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Thursday, September 9, 2004

Who needs symmetry?

originally posted by Aidan in reply to post on State of Trust 2

Richard,

What does it mean to say that something doesn’t work – as in the assumption of symmetry? It means presumably that if you use that principle to conduct your analysis and understanding of the situation, then you end up not being able to control or influence the situation in the way that you would like. What doesn’t work is the attempt to explain and interact.


If we assume that war is between nation states (and of course in international law it is) then we find we are at war with Al Qaeda then we find we are a bit hamstrung, by our assumptions, by our linguistic framework, by our laws, by our governance mechanisms and their rules. Probably it is worse than that, and our desire to find someone to be at war with as if by proxy will cause all sorts of extra problems.


These problems exist because of the attempt to use frameworks, like lines on a map in Africa, for things that they cannot support. When we try to keep our conceptual map tidy by forcing observations into the existing frame, we will have lots of confusion like this.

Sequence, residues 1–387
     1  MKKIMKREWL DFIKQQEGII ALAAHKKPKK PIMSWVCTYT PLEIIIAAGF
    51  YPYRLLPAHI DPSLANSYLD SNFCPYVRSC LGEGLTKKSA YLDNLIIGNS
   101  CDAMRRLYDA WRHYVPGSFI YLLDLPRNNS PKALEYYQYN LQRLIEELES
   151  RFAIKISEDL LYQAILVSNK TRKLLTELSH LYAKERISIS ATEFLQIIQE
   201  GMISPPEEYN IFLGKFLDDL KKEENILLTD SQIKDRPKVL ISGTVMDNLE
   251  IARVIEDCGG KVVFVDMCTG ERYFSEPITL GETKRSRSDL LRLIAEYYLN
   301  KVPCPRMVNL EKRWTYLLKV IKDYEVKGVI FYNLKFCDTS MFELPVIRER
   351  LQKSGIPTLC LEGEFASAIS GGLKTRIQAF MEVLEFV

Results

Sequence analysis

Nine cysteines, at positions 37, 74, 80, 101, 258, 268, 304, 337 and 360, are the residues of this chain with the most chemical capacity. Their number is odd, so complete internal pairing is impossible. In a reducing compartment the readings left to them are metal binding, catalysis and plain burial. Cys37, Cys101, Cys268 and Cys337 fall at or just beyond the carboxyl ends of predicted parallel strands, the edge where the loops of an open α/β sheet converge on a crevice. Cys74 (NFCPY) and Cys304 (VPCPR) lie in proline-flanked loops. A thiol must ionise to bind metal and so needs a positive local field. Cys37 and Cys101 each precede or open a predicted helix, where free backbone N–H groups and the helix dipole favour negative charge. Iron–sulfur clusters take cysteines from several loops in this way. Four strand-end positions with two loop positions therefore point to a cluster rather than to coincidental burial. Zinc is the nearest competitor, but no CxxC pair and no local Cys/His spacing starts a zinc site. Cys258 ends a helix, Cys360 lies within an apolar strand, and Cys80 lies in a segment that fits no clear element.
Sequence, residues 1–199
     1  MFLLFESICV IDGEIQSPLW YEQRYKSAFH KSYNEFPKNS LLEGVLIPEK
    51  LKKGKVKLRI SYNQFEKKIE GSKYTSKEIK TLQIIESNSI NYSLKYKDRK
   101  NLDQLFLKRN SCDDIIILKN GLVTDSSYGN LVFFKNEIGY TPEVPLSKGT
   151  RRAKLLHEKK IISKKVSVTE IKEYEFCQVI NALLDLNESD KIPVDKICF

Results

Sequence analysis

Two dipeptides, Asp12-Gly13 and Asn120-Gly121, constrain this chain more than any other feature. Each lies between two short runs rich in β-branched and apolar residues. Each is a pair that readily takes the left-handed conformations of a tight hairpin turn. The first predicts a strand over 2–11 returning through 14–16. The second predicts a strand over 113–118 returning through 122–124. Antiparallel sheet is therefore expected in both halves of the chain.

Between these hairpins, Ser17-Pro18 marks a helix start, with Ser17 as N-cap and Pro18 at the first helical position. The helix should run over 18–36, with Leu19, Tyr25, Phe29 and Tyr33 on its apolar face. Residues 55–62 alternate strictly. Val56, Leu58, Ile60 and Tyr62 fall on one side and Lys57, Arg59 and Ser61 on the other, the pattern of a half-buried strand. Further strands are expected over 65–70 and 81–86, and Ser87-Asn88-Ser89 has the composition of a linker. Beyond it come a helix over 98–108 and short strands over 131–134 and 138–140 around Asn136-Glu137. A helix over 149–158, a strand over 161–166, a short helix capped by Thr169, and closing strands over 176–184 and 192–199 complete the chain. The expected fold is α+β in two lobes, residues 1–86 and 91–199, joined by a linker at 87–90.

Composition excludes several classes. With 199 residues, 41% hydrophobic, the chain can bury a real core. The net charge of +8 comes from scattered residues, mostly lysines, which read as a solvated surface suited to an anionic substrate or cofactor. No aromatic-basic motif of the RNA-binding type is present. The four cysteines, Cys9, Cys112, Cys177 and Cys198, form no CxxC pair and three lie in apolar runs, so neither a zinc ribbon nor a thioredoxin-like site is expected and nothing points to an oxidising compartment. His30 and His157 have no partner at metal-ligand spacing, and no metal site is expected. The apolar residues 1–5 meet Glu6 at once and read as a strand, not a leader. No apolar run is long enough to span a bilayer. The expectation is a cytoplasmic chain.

Trust works inside out however. The trusting disposition as a basis for the development of collaboration and shared perception is as old as man. As a basis it does not know about frameworks but is designed to allow the exploration of commonality and difference. When Gen Powell insists on national action in a situation where nation doesn’t support that, the first things he does is to create the shared perception amongst non-American interested parties that Americans come from another planet and cannot be trusted to understand.


Where trust development is the purpose, the symmetry of trust must be created. That is, the power of the more powerful party must be placed in a context where the amount of skin in the game is roughly equal. This is why terrorists can negotiate with the US government, because they can find a context in which their power in the moment is balanced with that of the superpower. Where there is good will and humility, the positive rather than the negative game can be played. The positive game can develop useful conceptual tools and frameworks that are of the moment and the issue, not some relic of a previous set of problems.

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